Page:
When pitching, stress three important points: the "hook," the cook and the book.
The hook is most important when pitching yourself. What makes your book unique? What makes it timely and topical? Why will your book interest listeners or readers?
You have to think outside yourself to pitch the benefits of your book to their audience. It's not so much about you and your book, but what your book will do for their listeners or readers.
Next, you have to pitch your credentials as an expert on your subject. Producers and editors want experts to educate and inform their audiences.
Finally, you have to pitch your book as a definitive resource to help solve listeners' or readers' problems.
My answer reminds me of a bit of advise I heard in "The Last Lecture". Randy Pausch reminds us that brick walls are made to separate those of us who really want it from those of us who don't want it enough.
My brick walls are coming in the form of cover design. Designing my cover art and getting it converted to a PDF document have been obstacles, but I think that I have found quality workarounds for those problems and am now running eagarly to find my next brick wall.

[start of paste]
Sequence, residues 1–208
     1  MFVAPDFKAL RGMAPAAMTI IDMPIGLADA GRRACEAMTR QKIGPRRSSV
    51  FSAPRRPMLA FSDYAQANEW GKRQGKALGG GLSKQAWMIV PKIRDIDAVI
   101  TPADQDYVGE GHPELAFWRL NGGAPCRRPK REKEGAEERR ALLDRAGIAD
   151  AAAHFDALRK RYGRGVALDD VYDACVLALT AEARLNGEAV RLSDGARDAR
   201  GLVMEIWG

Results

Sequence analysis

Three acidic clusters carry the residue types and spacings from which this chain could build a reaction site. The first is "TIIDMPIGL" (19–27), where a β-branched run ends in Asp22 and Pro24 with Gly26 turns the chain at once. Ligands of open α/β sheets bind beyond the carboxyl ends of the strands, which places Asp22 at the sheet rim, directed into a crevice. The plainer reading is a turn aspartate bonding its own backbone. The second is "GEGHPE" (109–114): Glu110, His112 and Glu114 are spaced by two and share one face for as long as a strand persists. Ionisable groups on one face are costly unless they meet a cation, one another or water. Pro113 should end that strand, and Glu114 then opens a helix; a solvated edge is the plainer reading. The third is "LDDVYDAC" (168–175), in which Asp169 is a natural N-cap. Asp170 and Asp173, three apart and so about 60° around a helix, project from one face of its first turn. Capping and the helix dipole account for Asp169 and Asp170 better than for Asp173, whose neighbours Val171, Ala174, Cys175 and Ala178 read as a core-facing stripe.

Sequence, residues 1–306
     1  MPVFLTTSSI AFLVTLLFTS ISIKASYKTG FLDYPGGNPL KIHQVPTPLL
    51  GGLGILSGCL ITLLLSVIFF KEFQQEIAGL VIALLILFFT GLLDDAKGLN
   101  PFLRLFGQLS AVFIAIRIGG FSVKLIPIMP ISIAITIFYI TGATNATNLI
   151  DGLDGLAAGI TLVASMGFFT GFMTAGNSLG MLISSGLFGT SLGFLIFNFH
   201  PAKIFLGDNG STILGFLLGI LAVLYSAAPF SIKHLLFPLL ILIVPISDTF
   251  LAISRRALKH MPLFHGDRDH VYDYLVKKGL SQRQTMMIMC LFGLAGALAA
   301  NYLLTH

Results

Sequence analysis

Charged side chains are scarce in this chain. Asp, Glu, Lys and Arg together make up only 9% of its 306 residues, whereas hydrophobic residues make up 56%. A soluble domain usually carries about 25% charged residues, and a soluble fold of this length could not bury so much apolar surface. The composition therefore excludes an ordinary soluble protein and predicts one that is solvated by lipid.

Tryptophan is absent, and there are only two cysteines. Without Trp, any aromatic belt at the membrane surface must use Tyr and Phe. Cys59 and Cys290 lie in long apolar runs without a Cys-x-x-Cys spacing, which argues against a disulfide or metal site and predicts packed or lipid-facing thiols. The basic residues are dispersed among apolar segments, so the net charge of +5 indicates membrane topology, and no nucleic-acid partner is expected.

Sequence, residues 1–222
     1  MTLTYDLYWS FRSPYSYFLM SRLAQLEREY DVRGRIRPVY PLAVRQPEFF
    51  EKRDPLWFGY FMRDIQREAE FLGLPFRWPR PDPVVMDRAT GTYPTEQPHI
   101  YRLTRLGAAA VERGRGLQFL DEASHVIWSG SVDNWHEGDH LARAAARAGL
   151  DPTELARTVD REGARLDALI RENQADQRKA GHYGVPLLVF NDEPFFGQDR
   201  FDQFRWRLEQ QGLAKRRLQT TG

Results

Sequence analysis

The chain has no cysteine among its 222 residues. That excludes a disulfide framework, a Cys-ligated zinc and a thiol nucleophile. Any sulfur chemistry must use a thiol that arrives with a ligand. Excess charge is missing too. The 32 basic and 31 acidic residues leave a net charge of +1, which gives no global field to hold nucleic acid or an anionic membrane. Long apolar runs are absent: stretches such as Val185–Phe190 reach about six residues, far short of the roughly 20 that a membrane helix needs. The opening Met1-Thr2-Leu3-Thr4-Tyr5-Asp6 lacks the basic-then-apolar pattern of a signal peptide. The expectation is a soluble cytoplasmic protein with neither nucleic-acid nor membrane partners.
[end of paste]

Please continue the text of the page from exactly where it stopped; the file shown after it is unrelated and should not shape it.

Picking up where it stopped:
Congratulations on working around your cover design brick wall. There is a strong feeling of satisfaction when you overcome an obstacle.
You may want to have your cover design reviewed by a professional now that it's finished. A book's cover is vitally important to it's success. Despite what our mothers told us, people do judge a book by its cover. To make your book stand out in a crowded field, you want an eye catching cover. Covers also conform to certain guidelines, and if you don't know the guidelines and follow them, your cover may appear "junior varsity" quality.
There are ways to save money when producing your book. Scrimping on the cover art is not one of the ways to do that. Creating a good cover can cost between $700-$5,000 (depending on the artist used), but it is worth the investment when it comes to selling your book. Check out my list of cover artists on my blog, http://bookprint.blogspot.com, in the April 2005 posts.